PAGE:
Israeli Arab Accepts Israel Prize; Tehiya Leader Ne’eman Stalks out

Israel bestowed its most prestigious prize for the first time on an Arab citizen last week.

But the presentation on Yom Ha’atzmaut of the 1992 Israel Prize for Arabic literature to 71-year-old writer Emil Habibi triggered an outburst of ideological protest symptomatic of the dichotomy in Israeli society.

As Habibi mounted the stage to accept the award from President Chaim Herzog, former Cabinet minister Yuval Ne’eman rose from the audience, announced he was returning the Israel Prize for physics he received in 1969 and stalked angrily out of the huge Binyanei Ha’uma convention hall in Jerusalem.

Ne’eman is leader of the extreme right-wing Tehiya party, which quit the Likud-led coalition government earlier this year to protest its participation in the bilateral peace talks with Palestinians and other Arab delegations.

Ne’eman, a professor of nuclear physics at Tel Aviv University, and former minister of science and energy, said in a letter to Education Minister Zevulun Hammer that he was returning his prize not because Habibi is an Arab.

Indeed, he claimed, it was a “joyous fact” that an Israeli Arab was found qualified for it.

Rather, Ne’eman wrote, he was objecting because two years ago Habibi accepted “The Jerusalem Prize” from Palestine Liberation Organization leader Yasir Arafat.

He also complained that Habibi’s most acclaimed work, a satire on the Arabs of Israel titled “The Optimists,” “compared Israel to Nazi Germany, and perhaps even worse.”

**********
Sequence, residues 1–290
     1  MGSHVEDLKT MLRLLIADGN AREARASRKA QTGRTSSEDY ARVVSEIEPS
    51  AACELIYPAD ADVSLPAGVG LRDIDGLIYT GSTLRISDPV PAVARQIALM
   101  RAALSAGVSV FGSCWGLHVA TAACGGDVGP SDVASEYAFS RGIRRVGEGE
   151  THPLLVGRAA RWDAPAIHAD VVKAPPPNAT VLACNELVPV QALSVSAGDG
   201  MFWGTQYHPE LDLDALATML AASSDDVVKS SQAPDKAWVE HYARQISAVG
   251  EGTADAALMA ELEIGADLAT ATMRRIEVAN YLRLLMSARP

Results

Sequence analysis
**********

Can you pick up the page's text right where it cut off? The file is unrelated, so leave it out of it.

MOST ISRAELIS NEVER HEARD OF HABIBI

Until a few weeks ago, when this year’s 10 Israel Prize recipients were announced, most Israelis had not heard of Emil Habibi.

He had been a member of the Israeli Communist Party from 1951 to 1962. But that was long ago to most Israelis.

His opus consists of four books in Arabic, only two translated into Hebrew, and even those were limited to the most highbrow readers.

But the Israeli literary community recognized Habibi as the foremost writer among Israel’s 780,000 Arab citizens and one of the leading Arab writers of the entire Middle East.

Still, members of the Prize Committee showed considerable courage in selecting him, an Arab of openly nationalistic views. If they expected controversy, they were not disappointed.

The first to protest Habibi’s receipt of the award were Palestinians. Mahmoud Darwish, a former Israeli Arab writer, now an adviser to Arafat, urged Habibi not to accept the prize.

According to Darwish, accepting the award on Israel Independence Day and shaking the hands of the Israeli president and prime minister amounted to sacrilege.

Habibi hesitated for a time. A staunch supporter of the PLO, he did not want to do anything that might harm the organization.

On the other hand, rejecting the prize would have serious consequences for Arab-Jewish co-existence in Israel, of which Habibi has been a leading advocate.

He spoke to Arafat by telephone in Tunis and got the PLO chief’s blessing.

Another hurdle cropped up in the case of an Israeli Arab poet, Shafik Habib, who was tried and sentenced for writing mediocre nationalist verse. Habibi testified for his colleague at the trial. Habib got a suspended sentence. Had Habib gone to jail, Habibi said, he would not have accepted the prize.

When Ne’eman walked out with his Tehiya entourage, part of the audience cheered and part jeered. When Habibi rose to receive the prize, shaking the hands of President Herzog and Prime Minister Yitzhak Shamir, the audience burst into prolonged applause.

Habibi wanted to use the opportunity to say he was accepting the prize “on behalf of all people of good will in the country, Arabs and Jews, on behalf of those who recognize the established fact that all solutions of genocide have failed.”

But he was prevented from delivering his little speech “for lack of time.” Another Israel Prize winner thanked the jurors on behalf of all 10 recipients.

Habibi said Sunday that after the ceremony he received dozens of cables, letters and telephone calls congratulating him. He said they came from editors of Arabic newspapers throughout the Middle East, from former Israel Defense Minister Ezer Weizman, and from the Egyptian Nobel Laureate in literature, Naguib Mahfouz.

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